Last week this page gave an overview into what the G20 is and what their summits are about. It helped understand what the group of 19 states and the EU stands for. It is the background to understanding the outcomes of the meeting in Antalya which will be discussed today.
It should be mentioned at the very outset that Turkey’s G20 Presidency ended with the Antalya Summit on November 15 & 16. Turkey held over 170 meetings during its G20 presidency – more than any previous host. The outcomes of these meetings are reflected in the wealth of topics covered in the leaders’ communiqué. The overall communiqué provides a strong emphasis on inclusivity and developmental issues including the sustainable development goals (SDGs), access to energy, climate change and the refugee crises. Two matters that need special mention are the inclusion of the Internet for the first time in a leaders’ declaration and the focus on small and medium enterprises (SMEs). The economic and financial agenda is less innovative, with successes in these areas limited to the completion of ongoing initiatives by the Financial Stability Board (FSB), the monitoring of progress on implementation of reforms and targets, as well as institutional capacity building.
Economic and Financial Agenda
The summit takes into account the unpredictability of the global economy. It underscores the risks involved in uncertainties, shortfall in global demand and the geopolitical challenges that are faced by the global markets. It seeks to advance the macroeconomic policies to achieve sustainable and balanced growth. It draws attention to the Antalya Action Plan which is a commitment to overcome global economic challenges.
The most important financial reform included is that of sovereign debt restructuring, which came to the forefront after the Argentine debt situation. This augmented the need for a new global structure to resolve and restructure sovereign debt issues. Another financial reform that was finalized was the international standard on total loss absorbing capacity (TLAC) for global systematically important banks (G-SIB). Strengthening the resilience of financial institutions and enhancing the stability of financial systems are crucial to sustaining growth and development. The G20 proposed the implementation of the G20/OECD Base Erosion and Profit Shifting (BEPS) project. This is towards reaching a globally fair and modern international tax system. In order to strengthen developing economies’ engagement in the international tax agenda, a framework for the involvement of interested non-G20 countries and jurisdictions will be prepared by 2016. This involves providing technical assistance to interested developing economies in tackling the domestic resource mobilization challenges. It also commits to the exchange of information on-request as well as automatically by 2017 or end-2018.
The summit also sought the implementation of the G20 High-Level Principles on Integrity and Transparency in the Private Sector, G20 Anti-Corruption Open Data Principles and the G20 Principles for Promoting Integrity in Public Procurement. It seeks to build a culture of transparency and anti-corruption through the implementation of the 2015-2016 G20 Anti-Corruption Action Plan.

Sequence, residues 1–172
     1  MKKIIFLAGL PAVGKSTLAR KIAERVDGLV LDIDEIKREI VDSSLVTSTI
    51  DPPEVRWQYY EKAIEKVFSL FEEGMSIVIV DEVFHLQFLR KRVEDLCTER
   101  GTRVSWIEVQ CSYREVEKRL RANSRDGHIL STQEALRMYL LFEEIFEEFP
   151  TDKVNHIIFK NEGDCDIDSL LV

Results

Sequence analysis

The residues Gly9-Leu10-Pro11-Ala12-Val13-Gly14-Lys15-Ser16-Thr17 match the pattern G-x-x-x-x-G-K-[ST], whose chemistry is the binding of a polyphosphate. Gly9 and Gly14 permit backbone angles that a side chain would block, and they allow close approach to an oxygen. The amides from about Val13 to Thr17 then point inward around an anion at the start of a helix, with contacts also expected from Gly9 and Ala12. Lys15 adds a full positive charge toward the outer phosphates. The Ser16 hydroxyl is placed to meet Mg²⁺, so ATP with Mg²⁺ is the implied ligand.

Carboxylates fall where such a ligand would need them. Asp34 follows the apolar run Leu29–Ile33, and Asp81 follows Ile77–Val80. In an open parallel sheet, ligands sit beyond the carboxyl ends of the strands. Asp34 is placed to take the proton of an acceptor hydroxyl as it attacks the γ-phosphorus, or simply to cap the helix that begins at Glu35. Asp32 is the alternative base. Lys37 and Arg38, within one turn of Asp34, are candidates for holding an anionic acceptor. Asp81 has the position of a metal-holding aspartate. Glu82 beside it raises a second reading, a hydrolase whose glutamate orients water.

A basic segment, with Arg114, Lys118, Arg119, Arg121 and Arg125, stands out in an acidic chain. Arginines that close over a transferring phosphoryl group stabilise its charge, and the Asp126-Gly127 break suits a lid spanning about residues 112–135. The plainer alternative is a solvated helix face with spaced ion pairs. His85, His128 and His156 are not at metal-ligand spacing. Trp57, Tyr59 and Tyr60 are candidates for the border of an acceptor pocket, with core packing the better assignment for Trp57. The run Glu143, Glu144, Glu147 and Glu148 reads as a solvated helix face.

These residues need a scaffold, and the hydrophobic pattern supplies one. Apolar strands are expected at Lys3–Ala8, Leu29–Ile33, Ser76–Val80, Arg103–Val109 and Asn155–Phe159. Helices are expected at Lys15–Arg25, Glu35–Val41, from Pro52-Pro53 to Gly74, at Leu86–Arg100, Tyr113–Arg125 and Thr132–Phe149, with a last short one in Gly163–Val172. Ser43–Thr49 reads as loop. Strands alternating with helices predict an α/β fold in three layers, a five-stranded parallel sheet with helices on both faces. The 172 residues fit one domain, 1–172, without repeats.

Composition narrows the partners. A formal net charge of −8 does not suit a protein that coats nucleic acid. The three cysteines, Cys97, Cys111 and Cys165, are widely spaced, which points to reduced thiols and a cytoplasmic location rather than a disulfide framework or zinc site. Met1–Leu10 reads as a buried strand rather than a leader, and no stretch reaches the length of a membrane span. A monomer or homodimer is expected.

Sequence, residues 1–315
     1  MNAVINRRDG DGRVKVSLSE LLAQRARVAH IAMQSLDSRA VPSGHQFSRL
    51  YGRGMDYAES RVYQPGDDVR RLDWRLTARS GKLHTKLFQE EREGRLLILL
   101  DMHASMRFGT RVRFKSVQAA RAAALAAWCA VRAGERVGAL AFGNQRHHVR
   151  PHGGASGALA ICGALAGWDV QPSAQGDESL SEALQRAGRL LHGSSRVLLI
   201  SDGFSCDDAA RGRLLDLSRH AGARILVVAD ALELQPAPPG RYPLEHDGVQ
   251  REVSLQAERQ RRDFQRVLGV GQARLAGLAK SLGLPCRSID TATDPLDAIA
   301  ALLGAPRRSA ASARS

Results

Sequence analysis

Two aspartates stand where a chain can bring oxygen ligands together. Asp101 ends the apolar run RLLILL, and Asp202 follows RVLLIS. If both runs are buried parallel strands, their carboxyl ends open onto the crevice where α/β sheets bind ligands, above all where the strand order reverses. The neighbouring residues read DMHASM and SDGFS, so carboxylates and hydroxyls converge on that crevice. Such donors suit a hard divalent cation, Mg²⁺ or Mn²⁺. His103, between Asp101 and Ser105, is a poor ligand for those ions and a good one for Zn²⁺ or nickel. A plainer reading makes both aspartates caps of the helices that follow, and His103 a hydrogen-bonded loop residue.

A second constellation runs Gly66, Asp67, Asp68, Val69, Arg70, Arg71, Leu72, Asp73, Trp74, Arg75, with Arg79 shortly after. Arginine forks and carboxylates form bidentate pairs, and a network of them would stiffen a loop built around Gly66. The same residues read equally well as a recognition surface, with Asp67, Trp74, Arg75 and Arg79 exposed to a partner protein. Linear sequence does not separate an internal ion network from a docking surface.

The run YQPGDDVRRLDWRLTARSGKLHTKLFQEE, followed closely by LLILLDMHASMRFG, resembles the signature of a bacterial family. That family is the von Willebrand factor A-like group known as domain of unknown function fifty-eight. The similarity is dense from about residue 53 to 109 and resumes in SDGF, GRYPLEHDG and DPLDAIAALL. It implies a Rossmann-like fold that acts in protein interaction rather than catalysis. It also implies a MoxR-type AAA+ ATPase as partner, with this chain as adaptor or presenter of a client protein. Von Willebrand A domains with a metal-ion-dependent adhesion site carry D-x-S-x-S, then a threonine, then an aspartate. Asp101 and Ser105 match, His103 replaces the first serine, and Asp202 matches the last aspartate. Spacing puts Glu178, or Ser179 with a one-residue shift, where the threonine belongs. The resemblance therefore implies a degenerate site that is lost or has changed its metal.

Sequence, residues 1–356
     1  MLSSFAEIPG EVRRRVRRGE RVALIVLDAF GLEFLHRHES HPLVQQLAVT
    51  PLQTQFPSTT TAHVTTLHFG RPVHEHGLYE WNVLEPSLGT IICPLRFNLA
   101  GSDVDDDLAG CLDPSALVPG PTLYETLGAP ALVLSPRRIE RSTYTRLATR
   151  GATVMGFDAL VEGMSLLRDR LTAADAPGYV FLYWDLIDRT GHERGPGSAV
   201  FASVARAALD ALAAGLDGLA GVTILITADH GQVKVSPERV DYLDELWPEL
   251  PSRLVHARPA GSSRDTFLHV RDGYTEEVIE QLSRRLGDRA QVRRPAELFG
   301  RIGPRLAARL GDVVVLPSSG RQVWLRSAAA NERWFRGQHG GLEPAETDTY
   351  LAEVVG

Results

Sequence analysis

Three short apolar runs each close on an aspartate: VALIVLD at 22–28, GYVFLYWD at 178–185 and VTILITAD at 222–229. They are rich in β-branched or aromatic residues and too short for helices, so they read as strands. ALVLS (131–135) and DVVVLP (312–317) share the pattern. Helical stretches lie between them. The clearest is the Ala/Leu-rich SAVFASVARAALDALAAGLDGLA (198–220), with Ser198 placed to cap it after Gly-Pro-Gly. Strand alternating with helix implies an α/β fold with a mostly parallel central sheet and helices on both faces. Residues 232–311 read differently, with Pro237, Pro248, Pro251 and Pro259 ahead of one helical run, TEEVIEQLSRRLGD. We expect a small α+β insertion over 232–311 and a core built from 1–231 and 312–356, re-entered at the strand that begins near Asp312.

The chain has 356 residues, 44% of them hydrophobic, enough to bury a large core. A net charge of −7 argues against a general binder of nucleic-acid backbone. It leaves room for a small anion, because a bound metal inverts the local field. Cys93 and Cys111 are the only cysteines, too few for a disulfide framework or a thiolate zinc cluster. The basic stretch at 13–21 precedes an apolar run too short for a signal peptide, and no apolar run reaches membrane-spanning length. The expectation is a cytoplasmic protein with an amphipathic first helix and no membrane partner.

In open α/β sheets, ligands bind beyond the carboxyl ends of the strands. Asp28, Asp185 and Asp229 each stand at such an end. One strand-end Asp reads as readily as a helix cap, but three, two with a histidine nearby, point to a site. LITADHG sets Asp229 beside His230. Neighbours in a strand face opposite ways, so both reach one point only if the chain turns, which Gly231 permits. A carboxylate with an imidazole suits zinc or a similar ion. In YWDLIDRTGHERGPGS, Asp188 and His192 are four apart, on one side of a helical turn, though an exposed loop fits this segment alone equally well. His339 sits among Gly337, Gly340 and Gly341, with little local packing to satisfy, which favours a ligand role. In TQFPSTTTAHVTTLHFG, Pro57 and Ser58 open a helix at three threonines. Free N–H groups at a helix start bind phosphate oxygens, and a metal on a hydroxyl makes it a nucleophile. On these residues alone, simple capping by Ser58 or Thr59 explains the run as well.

Youth employment and SMEs
Welcoming the B20 and L20 joint statement on jobs, growth and decent work, the leaders’ communiqué highlights inequalities in the employment sector. It seeks to promote better quality jobs in line with the G20 Framework on Promoting Quality Jobs and on improving and investing in skills through the G20 Skills Strategy. It highlights the inequalities in unemployment, underemployment and informal jobs and seeks to better integrate youth into the labor market and promote entrepreneurship.
The communiqué acknowledges country specific investment strategies which seek to boost investment across the board. Whilst encouraging private sector participation in investment it promotes public sector support in developing quality infrastructure. In an attempt to promote the involvement of SMEs in growth, trade, and investment the SME Finance Forum launched its global member network in a ceremony hosted by Queen Maxima of the Netherlands, Special Advocate for the Secretary General of the UN for Inclusive Finance for Development and Cevdet Yılmaz, the Deputy PM of Turkey. Established by the G20 Global Partnership for Financial Inclusion (GPFI) and managed by IFC, the SME Finance Forum brings together private and public sector players to share knowledge, spur innovation, and provide a new voice in policy discourse. Its ultimate goal is closing the enormous SME finance gap, estimated at over $2 trillion worldwide. A special focus on long-term financing for SMEs will be supported by the Joint Action Plan on SME Financing and the G20/OECD High-Level Principles on SME Financing as guidance. It also seeks to coordinate trade better to provide access to SMEs ino global value chains (GVCs).